Last week the IRS released a memorandum with new procedures for an "Updated Voluntary Disclosure Practice" impacting…
For Tax Professionals: A Guide to the IRS’s Voluntary Disclosure Practice
IRS Commissioner Shulman has invited persons with unreported foreign accounts to
come forward and avail themselves of the IRS’s Voluntary Disclosure Practice. That
practice is described in the Internal Revenue Manual 184.108.40.206. The Practice has a bearing upon whether the IRS will conduct a criminal investigation and recommend that the Department of Justice should commence a criminal prosecution. The Practice is not designed to address the IRS’s discretion whether to impose civil tax or FBAR penalties.
The Internal Revenue Manual states that a voluntary disclosure made by a taxpayer will be considered by the IRS along with all other factors in the investigation in determining whether a criminal prosecution will be recommended to the Department of Justice. The Internal Revenue Manual is quick to add that the Practice creates no substantive or procedural rights as it is simply a matter of internal IRS practice, provided solely for the guidance of IRS personnel. Voluntary Disclosure does not apply to taxpayers with illegal source income. A Voluntary Disclosure occurs when the taxpayer’s disclosure of the unreported liability is truthful, timely, complete, and when (a) the taxpayer has shown a willingness to cooperate (and does cooperate) with the IRS in determining her correct tax liability and (b) the taxpayer makes good faith arrangements to pay in full to the IRS the tax, interest, and any penalties determined to be applicable.
Importantly, a disclosure is considered to be timely if it is received at a time when the IRS has not yet received information from a third party alerting the IRS to the specific taxpayer’s noncompliance or has initiated a civil examination or criminal investigation which is directly related to the specific liability of the taxpayer.
Navigating the Voluntary Disclosure Practice:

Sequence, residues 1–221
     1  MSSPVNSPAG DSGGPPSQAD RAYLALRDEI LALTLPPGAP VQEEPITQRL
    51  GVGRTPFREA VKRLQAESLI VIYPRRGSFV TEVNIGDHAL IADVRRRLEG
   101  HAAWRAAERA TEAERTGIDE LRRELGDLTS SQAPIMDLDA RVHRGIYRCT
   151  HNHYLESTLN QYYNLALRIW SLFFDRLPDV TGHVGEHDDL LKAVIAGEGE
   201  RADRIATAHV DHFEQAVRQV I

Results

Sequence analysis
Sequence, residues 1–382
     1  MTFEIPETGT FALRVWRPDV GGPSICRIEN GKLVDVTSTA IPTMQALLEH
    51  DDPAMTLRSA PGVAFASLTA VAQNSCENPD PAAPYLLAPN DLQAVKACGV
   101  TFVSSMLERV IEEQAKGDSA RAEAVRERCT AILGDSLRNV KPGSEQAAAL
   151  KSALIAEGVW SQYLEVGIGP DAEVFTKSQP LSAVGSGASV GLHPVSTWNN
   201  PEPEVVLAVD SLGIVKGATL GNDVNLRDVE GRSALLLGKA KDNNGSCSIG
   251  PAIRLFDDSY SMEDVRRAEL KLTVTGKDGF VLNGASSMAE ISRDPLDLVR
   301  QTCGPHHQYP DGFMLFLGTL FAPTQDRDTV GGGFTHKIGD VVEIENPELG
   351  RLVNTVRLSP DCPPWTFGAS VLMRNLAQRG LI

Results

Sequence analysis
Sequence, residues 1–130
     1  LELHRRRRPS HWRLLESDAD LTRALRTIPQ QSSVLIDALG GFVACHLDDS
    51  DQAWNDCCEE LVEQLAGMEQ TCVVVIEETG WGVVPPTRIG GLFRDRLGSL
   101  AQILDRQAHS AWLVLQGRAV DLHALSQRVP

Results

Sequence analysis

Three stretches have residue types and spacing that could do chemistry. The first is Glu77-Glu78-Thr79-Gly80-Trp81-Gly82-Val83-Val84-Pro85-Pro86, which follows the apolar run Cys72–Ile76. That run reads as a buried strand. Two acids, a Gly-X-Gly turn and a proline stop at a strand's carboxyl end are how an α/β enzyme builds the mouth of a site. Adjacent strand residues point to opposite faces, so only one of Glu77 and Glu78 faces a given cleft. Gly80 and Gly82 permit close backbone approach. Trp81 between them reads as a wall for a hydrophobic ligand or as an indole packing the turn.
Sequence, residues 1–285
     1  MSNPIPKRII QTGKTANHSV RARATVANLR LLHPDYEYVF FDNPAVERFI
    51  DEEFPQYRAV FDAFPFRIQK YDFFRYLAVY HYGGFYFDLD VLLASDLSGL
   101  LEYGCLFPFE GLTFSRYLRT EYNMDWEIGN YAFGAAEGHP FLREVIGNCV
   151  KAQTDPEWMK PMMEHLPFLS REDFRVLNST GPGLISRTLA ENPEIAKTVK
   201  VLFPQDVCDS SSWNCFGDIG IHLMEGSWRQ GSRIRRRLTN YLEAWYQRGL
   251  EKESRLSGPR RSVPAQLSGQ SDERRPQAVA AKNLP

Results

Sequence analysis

Given the aggressiveness of the IRS’s enforcement efforts and the severity of the potential criminal and civil penalties involved, participation in the IRS’s Voluntary Disclosure Practice should be carefully considered by any non-compliant taxpayer. Before advising such a client regarding this program, any practitioner would be well-served to take the following steps:
• Conduct Thorough Due Diligence: The potential stakes and the fact-sensitive nature of the inquiry dictate that the practitioner obtain a complete and accurate understanding of the facts. First, it is important to determine the scope of the problem – the number of years involved, the size of assets, the number of taxable events and whether acts of concealment, falsification of documents, or other potential badges of fraud are involved. All of these issues are critical to assessing potential criminal and civil exposure. Second, it is critical to pressure-test the client’s story. Participation in the Voluntary Disclosure Practice will most likely require responding to IDRs, producing documents, and submitting to interviews. Not only can such subsequent fact-finding interfere with your goals when making the Voluntary Disclosure, but misstatements during this phase can, and often are, the grounds for subsequent criminal prosecution. You cannot take your client’s word; you need to obtain records from the bank, examine passports, and talk to the tax preparer. If, for example, your client has made frequent and regular trips to Switzerland, the IRS may be less likely to accept his or her story of careless neglect. Third, you need to keep abreast of the quickly evolving legal landscape involving the interplay between the privacy laws of other jurisdictions and U.S. laws. A significant IRS victory on any of these issues will make the IRS less likely to agree that your client satisfied the “timely” element of the voluntary disclosure program. No one has a crystal ball, but if your client is inclined to participate, delay could have serious costs.